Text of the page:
From that Commentary we know that Potiphar was no low person on the totem pole. When Joseph arrived at “Potiphar’s house”, it wasn’t a bungalow. Perhaps Potiphar did not even see Joseph much at the beginning, or if he did, it was in passing.

The Bible is silent on Joseph’s exact circumstances, but much has been written about slavery in many different eras, especially Roman times. In the Roman era, as many as 10,000 slaves per day were auctioned off. The Master or the Master’s representative would buy them off the block, usually in bunches. Initially, the Master would not know what each slave was capable of. Their skills were a mystery. They were just faceless laborers, an unknown quantity. At first, they would usually be put to menial work and as the Master or his representative got to know the slaves better he would re-distribute them around the property or give them tasks according to their strengths. This is what happened with Joseph.

The LORD was with Joseph, and he became a successful man, and he was in the house of his Egyptian master. 3His master saw that the LORD was with him and that the LORD caused all that he did to succeed in his hands. 4So Joseph found favor in his sight and attended him, and he made him overseer of his house and put him in charge of all that he had. (Genesis 39:2-4)

Joseph slaved away, and yet the LORD was with him. He was apart from his family, alone…but the LORD was with him.

Matthew Henry says of this situation in his complete Commentary,
His master preferred him, by degrees made him steward of his household, v. 4. Note, (1.) Industry and honesty are the surest and safest way both of rising and thriving: Seest thou a man prudent, and faithful, and diligent in his business? He shall stand before kings at length, and not always before mean men. (2.) It is the wisdom of those that are in any sort of authority to countenance and employ those with whom it appears that the presence of God is, Ps. 101:6.  Matthew Henry’s commentary on the whole Bible

And we know how the event ended. God used Joseph in a mighty way for His purposes. (Genesis 50:20).

If Joseph, a slave, persevered in Godly character enough to influence an entire household and then an entire nation, what can God do with us? Anything, no matter where we are or no matter how small our own sphere seems. Use your vocation for Godly influence, doing all as to the glory of God (1 Corinthians 10:31). Even then, we don’t have to save an entire nation. The biggest things on the planet are influencing people with the Gospel, the true words of Christ. Even one soul impacted for the Kingdom is the highest work one can accomplish. In Zechariah 4:10 we read,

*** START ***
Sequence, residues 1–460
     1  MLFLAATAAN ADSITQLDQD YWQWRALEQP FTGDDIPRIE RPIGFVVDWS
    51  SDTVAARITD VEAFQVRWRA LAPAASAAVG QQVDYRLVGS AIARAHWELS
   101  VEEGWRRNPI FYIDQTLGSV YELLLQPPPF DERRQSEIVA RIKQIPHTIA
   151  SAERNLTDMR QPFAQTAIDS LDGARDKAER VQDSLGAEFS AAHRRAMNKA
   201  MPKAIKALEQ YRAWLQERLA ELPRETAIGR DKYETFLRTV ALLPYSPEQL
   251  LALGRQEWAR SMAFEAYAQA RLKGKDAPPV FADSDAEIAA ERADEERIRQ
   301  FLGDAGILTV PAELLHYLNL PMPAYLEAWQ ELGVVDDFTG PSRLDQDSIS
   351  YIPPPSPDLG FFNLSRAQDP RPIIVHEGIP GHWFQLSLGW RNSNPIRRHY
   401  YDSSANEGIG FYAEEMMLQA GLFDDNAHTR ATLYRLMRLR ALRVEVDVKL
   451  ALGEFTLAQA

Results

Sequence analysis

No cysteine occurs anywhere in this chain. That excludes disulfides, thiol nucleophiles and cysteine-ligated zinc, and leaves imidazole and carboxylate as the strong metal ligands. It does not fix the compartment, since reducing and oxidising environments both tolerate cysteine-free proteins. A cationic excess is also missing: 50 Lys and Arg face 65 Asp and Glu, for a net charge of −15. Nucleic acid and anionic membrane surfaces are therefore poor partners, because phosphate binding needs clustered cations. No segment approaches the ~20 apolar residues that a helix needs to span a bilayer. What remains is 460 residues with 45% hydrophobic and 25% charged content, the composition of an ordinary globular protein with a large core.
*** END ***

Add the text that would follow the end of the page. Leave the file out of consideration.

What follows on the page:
For whoever has despised the day of small things shall rejoice, and shall see the plumb line in the hand of Zerubbabel. “These seven are the eyes of the LORD, which range through the whole earth.”

What does that verse mean? John MacArthur comments,

In that case, the re-building of a temple smaller than the one smaller than Solomon’s may have been discouraging to some, (cf Ezra 3:12, Haggai 2:3), The Lord announced that His pleasure was upon this work, and that His omniscient care was watching over and taking pleasure in its completion. He said in effect, don’t despise what God is pleased with.”

If you’re a person with no influence, a small sphere, or seeming insignificance for the Kingdom, you’re not. Don’t despise the small things. It is the Lord’s work and He is pleased with it. To Him, it is big things, especially when He fills them to perfection on His Day of glorification when ALL things come to completion. Use your vocation for Him in any way, large or small, that you can. His eyes range through the whole earth, and He sees you, and loves you and is with you.

This light isn’t a mighty lighthouse guiding thousands to port safe from the storm, but its light sure means a lot to the one family trying to get home.

Posted in encouragement, theology

The word of God is living

By Elizabeth Prata

To the Christian, the word of God is like a green lawn, undulating, rolling out blade after blade of perfectly manicured grass, thriving and living, each blade a perfect truth to be discovered, examined, applied, praised.

For the word of God is living and active, sharper than any two-edged sword, piercing to the division of soul and of spirit, of joints and of marrow, and discerning the thoughts and intentions of the heart. (Hebrews 4:12).

Underline is mine, it’s what I’m focusing on in this essay. Continue reading “The word of God is living”